This paper explores whether the incidence of tuberculosis (TB) is higher among low income people because they are less likely to seek medical care. It investigates two urban districts that compare in terms of race and income level, these being Harlem and West Central, USA. To determine the role of race and economic disadvantage in the incidence of tuberculosis in these geographic areas, ethnographic methods were used to analyze the information. It appears that there are significant race and class dimensions to the incidence of tuberculosis in these areas, but there are other confounding factors ? such as (human immunodeficiency virus) HIV and the times at which sufferers sought medical help. This study suggests that there is a pressing need to improve our understanding of the socio-economic aspects of problems affecting public health, such as TB in the United States.
i. Statement of the problem
People in economically disadvantaged positions living in medically under-served communities are at an increased risk for tuberculosis. The disease does continue to be a barometer of poverty and race, but there are other significant factors associated with the incidence of TB. Studies in South Africa suggest that those qualified as black or coloured had significantly less access to health care, and thus stood less chance of being diagnosed than their white counterparts (Andersson 1990). Those in this disadvantaged condition tended to suffer disproportionately from other socio-economic related medical factors, such as malnutrition and incidence of HIV/AIDS that are closely linked with the incidence of TB.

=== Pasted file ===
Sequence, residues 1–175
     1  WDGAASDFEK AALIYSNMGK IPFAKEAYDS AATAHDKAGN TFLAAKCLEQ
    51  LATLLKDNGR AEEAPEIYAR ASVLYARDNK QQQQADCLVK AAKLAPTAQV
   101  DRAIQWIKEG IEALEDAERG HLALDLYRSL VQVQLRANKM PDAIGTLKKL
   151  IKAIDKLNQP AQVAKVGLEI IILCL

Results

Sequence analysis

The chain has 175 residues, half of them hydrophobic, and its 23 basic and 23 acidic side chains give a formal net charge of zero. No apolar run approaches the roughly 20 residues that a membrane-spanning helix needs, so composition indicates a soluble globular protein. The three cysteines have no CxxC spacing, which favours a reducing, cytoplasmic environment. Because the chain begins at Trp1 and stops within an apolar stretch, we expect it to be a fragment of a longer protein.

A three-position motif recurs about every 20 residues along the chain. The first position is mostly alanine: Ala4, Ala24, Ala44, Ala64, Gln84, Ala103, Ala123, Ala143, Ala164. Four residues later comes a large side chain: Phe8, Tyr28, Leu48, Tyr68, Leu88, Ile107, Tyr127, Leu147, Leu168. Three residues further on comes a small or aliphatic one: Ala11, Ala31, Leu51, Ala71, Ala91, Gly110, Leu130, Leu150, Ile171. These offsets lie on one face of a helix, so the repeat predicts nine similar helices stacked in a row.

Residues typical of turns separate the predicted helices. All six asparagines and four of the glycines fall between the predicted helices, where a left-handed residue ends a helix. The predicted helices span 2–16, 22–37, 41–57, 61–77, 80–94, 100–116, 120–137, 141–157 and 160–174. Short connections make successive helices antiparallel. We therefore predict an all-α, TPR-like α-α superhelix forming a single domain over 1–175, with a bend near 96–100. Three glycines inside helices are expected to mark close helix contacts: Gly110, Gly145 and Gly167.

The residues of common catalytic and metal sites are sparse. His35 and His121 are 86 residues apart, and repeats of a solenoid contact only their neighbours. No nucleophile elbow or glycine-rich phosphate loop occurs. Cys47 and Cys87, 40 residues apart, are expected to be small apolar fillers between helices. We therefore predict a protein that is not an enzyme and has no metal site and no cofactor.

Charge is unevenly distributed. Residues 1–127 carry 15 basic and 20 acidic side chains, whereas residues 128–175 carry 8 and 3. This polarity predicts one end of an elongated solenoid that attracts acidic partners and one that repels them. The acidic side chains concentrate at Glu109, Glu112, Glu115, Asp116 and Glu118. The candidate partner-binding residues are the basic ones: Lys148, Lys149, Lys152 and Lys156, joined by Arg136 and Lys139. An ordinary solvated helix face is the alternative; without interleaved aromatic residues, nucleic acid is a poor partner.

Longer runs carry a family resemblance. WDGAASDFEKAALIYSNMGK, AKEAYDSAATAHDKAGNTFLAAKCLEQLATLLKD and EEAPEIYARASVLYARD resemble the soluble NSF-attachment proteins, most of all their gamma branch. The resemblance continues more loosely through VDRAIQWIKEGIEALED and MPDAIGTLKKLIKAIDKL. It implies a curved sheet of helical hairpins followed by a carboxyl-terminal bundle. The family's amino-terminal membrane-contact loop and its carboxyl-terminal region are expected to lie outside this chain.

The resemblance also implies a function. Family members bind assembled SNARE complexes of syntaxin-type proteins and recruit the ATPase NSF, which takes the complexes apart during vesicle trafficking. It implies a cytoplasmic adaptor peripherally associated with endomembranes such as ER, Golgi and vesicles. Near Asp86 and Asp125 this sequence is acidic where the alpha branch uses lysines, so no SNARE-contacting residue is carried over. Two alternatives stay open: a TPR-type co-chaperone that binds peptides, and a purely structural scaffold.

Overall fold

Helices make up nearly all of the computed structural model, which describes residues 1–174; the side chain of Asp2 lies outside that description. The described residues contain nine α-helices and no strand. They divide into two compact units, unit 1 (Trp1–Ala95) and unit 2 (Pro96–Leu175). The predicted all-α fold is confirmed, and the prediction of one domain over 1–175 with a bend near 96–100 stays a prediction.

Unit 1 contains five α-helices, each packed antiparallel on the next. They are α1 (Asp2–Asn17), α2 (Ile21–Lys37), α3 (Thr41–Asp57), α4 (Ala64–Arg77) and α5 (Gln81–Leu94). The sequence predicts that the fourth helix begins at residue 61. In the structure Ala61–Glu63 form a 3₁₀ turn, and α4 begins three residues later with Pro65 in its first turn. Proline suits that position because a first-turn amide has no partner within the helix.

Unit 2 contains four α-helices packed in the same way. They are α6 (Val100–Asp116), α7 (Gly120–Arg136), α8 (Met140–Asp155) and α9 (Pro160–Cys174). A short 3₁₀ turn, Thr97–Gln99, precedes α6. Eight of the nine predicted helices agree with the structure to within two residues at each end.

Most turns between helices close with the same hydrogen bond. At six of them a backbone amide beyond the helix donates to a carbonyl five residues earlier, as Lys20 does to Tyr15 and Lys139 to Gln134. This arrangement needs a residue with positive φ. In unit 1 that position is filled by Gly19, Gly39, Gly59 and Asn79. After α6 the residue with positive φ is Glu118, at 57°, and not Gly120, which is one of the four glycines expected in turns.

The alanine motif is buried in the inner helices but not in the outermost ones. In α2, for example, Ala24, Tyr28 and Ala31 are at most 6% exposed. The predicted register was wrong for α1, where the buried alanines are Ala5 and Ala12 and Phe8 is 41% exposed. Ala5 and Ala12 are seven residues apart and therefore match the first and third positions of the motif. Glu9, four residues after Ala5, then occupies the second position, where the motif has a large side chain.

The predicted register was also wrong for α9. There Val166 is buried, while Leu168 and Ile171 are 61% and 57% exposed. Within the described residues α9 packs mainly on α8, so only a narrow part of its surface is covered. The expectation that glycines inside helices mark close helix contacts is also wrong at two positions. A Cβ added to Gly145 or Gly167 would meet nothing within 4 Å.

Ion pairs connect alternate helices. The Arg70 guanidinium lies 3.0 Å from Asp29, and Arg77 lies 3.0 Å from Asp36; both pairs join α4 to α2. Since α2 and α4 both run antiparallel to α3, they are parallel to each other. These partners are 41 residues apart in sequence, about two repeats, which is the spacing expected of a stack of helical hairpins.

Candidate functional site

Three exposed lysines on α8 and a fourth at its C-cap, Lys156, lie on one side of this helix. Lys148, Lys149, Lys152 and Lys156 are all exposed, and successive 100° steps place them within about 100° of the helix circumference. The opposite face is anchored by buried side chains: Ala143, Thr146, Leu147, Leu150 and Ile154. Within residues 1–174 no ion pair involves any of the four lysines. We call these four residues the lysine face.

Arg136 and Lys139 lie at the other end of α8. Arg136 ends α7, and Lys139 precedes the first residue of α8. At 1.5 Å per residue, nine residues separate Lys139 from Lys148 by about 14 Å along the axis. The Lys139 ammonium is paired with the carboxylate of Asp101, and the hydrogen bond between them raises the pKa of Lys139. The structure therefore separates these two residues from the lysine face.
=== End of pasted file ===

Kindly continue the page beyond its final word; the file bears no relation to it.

The pattern is similar in other countries, including the USA. The problem in the United States is that there is limited population-based data on TB by social class (Lifson et al. 1999). There is even less data on the incidence of seeking medical care between the onset of symptoms and the visit to a medical center. The incidence of TB is indeed higher among low income people because they are less likely to seek medical care. But the objective of this study is to suggest that there are other critical factors in the complex social dimension of public health problems associated with TB. These will be discussed in parts iii and iv of this section.